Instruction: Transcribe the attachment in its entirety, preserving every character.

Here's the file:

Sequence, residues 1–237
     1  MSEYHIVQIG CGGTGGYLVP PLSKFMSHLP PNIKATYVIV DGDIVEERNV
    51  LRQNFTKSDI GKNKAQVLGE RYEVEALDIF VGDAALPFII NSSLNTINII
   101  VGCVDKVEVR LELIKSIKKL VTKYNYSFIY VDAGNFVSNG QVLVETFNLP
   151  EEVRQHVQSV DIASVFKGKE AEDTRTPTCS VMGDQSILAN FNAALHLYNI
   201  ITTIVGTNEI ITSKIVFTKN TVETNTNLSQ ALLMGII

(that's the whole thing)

Sequence, residues 1–237
     1  MSEYHIVQIG CGGTGGYLVP PLSKFMSHLP PNIKATYVIV DGDIVEERNV
    51  LRQNFTKSDI GKNKAQVLGE RYEVEALDIF VGDAALPFII NSSLNTINII
   101  VGCVDKVEVR LELIKSIKKL VTKYNYSFIY VDAGNFVSNG QVLVETFNLP
   151  EEVRQHVQSV DIASVFKGKE AEDTRTPTCS VMGDQSILAN FNAALHLYNI
   201  ITTIVGTNEI ITSKIVFTKN TVETNTNLSQ ALLMGII